bush tax cuts

Oh, Great

From the Hill yesterday:

Lawmakers see the passage of a bill to extend most of the Bush-era income tax rates and settle the question of estate, capital gains and dividend tax rates as a template for how to move the next installment of deficit reduction.

CBO Report Reveals Spending Disaster

New projections from the Congressional Budget Office show that without reforms rising federal spending will fundamental reshape America’s economy, and not in a good way. Under the CBO’s “alternative fiscal scenario,” the federal government will consume an 86 percent greater share of the economy in 2035 than it did a decade ago (33.9 percent of GDP compared to 18.2 percent).

The Something-for-nothing Quandary

Most of the debate over extending the Bush tax cuts has focused on whether to extend slightly lower marginal rates for higher earners who already bear a huge burden. But at the other end of the income spectrum, a growing share of Americans don’t pay income taxes. Indeed, the Bush tax cuts increased the share of U.S. households that pay no income taxes.

From the Wall Street Journal:

A Fiscal Train Wreck

That is the title of a 2003 New York Times column by economist Paul Krugman. The gist of his column was that the Bush tax cuts and future entitlement program liabilities would usher in calamitous deficits. Setting aside the tax cut and entitlements issue, Krugman’s comments on the dangers of deficits are interesting considering seven years later Krugman is one of the most prominent supporters of massive deficit spending to stimulate the economy.

Let Sequestration Happen

Some members of Congress are anxious to undo sequestration, ignoring the inconvenient fact that they created the process in the first place. Instead of accepting responsibility, they are proposing legislation that would force the White House to outline the effects of the cuts. And people wonder why Congress’s approval rating is at an all-time low.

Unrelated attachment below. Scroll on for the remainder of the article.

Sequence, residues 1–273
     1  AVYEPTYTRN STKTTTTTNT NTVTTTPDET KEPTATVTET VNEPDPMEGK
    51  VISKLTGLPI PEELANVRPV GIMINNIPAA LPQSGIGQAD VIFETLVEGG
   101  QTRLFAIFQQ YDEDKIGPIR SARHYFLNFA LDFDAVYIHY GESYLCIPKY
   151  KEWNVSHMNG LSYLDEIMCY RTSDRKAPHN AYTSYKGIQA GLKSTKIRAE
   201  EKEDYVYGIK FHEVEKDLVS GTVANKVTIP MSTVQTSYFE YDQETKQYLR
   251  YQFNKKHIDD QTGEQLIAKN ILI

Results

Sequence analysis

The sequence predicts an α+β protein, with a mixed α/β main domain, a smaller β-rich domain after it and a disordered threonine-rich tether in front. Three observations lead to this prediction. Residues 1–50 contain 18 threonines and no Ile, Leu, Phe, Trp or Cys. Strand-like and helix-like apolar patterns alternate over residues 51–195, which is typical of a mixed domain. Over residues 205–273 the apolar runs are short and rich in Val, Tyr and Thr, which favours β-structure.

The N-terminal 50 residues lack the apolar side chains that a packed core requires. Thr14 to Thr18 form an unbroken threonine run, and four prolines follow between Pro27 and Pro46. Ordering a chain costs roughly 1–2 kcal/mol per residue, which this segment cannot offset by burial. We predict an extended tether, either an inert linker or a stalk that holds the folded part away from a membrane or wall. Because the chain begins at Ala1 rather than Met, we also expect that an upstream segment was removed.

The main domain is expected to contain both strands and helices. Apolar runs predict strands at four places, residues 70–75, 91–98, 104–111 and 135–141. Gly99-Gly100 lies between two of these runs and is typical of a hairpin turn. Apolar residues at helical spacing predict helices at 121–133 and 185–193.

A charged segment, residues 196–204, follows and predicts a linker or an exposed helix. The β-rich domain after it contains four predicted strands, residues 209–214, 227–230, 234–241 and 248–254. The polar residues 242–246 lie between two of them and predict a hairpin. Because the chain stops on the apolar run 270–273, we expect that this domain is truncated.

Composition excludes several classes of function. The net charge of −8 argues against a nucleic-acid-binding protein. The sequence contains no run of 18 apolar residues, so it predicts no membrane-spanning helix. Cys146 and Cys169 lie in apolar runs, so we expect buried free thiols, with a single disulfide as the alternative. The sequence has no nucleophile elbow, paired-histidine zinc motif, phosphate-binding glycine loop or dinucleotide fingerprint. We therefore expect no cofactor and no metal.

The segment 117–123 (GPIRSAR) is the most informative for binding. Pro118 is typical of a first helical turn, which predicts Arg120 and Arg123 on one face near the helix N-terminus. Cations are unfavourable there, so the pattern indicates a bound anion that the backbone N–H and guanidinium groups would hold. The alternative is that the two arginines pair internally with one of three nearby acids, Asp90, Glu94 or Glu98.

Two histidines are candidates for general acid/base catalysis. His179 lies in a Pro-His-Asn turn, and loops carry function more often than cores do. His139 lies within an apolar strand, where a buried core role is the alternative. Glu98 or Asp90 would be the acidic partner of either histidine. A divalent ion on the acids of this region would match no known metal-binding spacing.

Taxes and Uncertainty

It looks like Republicans and Democrats may have made a deal on blocking the tax increases that loom on January 1. No details yet, but reports are that they will extend the current tax rates for one to three years. That means investors and businesses will face continuing uncertainty and the real prospect of a tax increase in one to three years.

Obama: “I Want to Make Sure That Taxes Don’t Go Up”

Much of the media discussion of the massive tax increase that looms on January 1 uses terms like “extending the Bush tax cuts” or “tax breaks for the wealthy.” In fact, American taxpayers have faced a particular range of personal income tax rates for the past eight years. If the 2001 and 2003 tax laws are allowed to expire, then Americans will see increased tax rates on income, dividends, capital gains, and estates. So the issue is not “tax cuts” or “tax breaks,” it’s whether we should increase taxes in 2011.

Subscribe to RSS - bush tax cuts